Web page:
Monday, August 16, 2010

Great Fakes?

We are off to Cadaques in Spain made famous by Salvador Dali. We’re going to the real one.  Not the official recreation that is being built in China for holidaymakers looking for a 'taste’ of Europe and not the unofficial real estate development, Cadaques Caribe, a reconstruction in the Dominican Republic.

“How surreal” I thought when I read about all those fake Cadaqueses in the Guardian newspaper but how fitting.  As one of the most forged artists in the world, aided by the habit of signing and selling off blank sheets of paper, Dali would most likely have enjoyed the whole thing. But it does raise an interesting question about authentic versus fake experiences, and whether we should or can embrace 'the real deal'.

On one end of the spectrum is Las Vegas. According to the website Without Baggage, it’s the fakest place on earth with a fake Rome, Venice, Paris and even a fake Treasure Island – a fake of a fake. OK, Las Vegas is an obvious and in some ways funny if not a bit ridiculous example but what about Colonial Williamsburg. I LOVE Williamsburg and it too is a complete reconstruction, perhaps a worthier reconstruction, but a fake just the same. 

So what makes a travel experience authentic? A trickier question than it first appears. Mark Jones a travel writer and frequent contributor on the BA Highlife website answers it this way:

“My definition is this: authentic places are those which are comfortable in their own skin. An authentic travel experience is when you get under the skin of that place. An authentic tourist is someone who is changed by a place and doesn’t seek to change it. Let’s celebrate them.”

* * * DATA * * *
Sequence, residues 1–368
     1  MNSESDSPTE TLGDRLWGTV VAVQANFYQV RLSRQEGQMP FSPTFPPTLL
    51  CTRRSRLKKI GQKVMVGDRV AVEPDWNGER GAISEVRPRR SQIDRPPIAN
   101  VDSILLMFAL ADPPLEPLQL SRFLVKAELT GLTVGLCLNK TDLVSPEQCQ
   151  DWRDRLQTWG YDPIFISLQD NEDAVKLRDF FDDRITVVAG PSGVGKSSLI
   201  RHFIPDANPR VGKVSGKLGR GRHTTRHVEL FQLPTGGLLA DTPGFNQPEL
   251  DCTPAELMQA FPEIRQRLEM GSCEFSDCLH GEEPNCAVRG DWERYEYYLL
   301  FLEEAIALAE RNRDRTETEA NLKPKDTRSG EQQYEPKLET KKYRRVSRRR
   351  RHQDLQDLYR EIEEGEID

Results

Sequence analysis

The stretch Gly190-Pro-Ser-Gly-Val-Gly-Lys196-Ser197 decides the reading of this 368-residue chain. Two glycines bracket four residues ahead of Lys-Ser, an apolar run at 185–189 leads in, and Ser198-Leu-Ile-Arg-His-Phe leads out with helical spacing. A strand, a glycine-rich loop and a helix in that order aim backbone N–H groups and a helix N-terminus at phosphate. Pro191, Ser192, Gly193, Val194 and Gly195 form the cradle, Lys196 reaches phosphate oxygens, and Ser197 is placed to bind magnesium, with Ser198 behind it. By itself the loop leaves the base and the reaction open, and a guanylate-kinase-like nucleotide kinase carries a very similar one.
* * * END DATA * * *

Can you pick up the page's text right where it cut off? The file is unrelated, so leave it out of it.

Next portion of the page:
A pretty good definition. You can read the entire article here and check out BA Highlife’s list of the 50 most authentic places on earth here.

The No Crowds definition, which borrows heavily from Supreme Court Justice Potter Stewart regarding obscenity, is this:

Authentic? I know it when I see it, and the recreation of Cadaques on the coast of main land China is definitely not that.

So what’s your definition?

1 comment:

  1. Hey Kate! Great topic. In visiting ruins, Roman, Greek, Egyptian and otherwise, I have often wished that someone would have reconstructed the site (elsewhere) so I could see what the place looked like when it was in use. I remember visiting a palace in Cypress where one section had been painted to look like the original. I appreciate that so much. I love frontier days at Wild West forts. So I guess there's a difference between a fake and an educational opportunity.